“For our younger poets who maybe don’t have postgraduate degrees, The Poetry Brothel is an easy entry into poetry,” says Nicholas. It also makes a highbrow literary form accessible to new audiences. Most customers, myself and my friend included, do not read poetry. And yet there we are with more than 200 other people, paying poets we’ve never heard of to read us verses we don’t entirely understand. Stephanie and Nicholas will often add a featured reader to the bill to introduce patrons to a prominent figure they admire, such as US Poet Laureate Robert Pinsky or Harvard English professor Stephen Burt. Yet, despite the endorsement of such literary heavyweights, they say The Poetry Brothel has always had its share of detractors.
“Within the poetry community, there are definitely people who don’t take it seriously and who don’t like it,” says Stephanie of the melding of two of the oldest professions in the world. The allusion to more traditional brothels has drawn criticism from both poets and sex workers, who have accused the organisers of cheapening their art or appropriating an identity and vocabulary that is not theirs to claim.
And when Stephanie and Nicholas tried to register the business entity name ‘The Poetry Brothel’, the state of New York rejected it for being “lewd and illegal”.
Ironically, aside from the burlesque performers and some of the costumes, there is very little about The Poetry Brothel that could be considered salacious. The poetry whores tend to break character once you get them alone; the writing is too personal to pretend to be someone else. Perhaps ‘escort’ would be a more accurate term, since they are paid for their company and conversation. Or ‘performers’, for The Poetry Brothel is pure theatre and they constitute the cast.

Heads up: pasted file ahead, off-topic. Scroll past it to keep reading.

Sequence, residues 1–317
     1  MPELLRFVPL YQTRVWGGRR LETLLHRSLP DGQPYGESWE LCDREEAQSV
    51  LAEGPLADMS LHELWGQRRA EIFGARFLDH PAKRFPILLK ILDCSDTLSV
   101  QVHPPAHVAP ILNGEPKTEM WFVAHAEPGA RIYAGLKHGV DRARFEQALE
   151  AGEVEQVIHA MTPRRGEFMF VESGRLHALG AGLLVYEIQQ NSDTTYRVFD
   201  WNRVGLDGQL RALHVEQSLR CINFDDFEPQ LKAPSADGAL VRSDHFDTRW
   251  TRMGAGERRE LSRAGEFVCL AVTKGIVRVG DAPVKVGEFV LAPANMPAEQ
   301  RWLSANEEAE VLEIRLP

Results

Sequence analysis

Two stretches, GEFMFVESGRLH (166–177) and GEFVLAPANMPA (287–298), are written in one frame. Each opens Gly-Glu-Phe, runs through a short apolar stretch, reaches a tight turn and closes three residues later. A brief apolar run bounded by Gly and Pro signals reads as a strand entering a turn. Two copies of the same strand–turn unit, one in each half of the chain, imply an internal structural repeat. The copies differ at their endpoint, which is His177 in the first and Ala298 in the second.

Reading poetry aloud seems innocent enough, yet these interactions are extremely intimate – imagine being alone with a musician who plays you a song and then tells you about the beautiful or painful moment that inspired it. Rarely is an experience of art so personal and interactive, which may be why The Poetry Brothel has become so popular. Since registering the – much less risque – name, ‘The Poetry Society of New York’, in 2010, The Poetry Brothel initiative now takes place in eight major cities around the US and has 10 international branches across Europe and South America. Interested folk can simply email Stephanie and Nicholas about starting a Poetry Brothel in their own city. According to Stephanie, each city brings its own flavour to the show: the Paris branch is especially international, she says, with poetry readings in seven or eight different languages. The Poetry Society of New York also runs The New York City Poetry Festival and are the creators of The Typewriter Project, where typewriters with 30-metre rolls of paper were placed around the city for people to create poetry, which was uploaded online daily. And in 2015, with the help of a producer at the Upright Citizens Brigade, the organisation received not-for-profit status to continue funding its programs, with the hope of offering grants and residencies to budding poets.
Towards the end of the night, I request a reading from Nicholas, who wears an eye patch as playboy-ruffian Tennessee Pink. He and the madame are the off-menu items, the ones you have to know to ask for. Since all the private quarters are taken, he escorts me up a staircase and past a “closed” sign to an open-air deck with two empty couches. Under city stars we can’t see, he recites one poem of his own and two by other people. One of them is The Flower by Robert Creeley. He tells me he memorised it while taking a poetry class at university, and it’s tied to a turning point in his life: when a night in jail for property damage (a group of his fraternity brothers had smashed all the pumpkins at a church sale) ended his life-long dream of entering politics and set him on the path to eventually becoming a poet.
And therein lies the greatest pleasure of The Poetry Brothel (for this customer, at least): to have a dialogue with the author – to hear the story behind the words.
This article appeared in Collective Hub Issue 43. Purchase your copy here.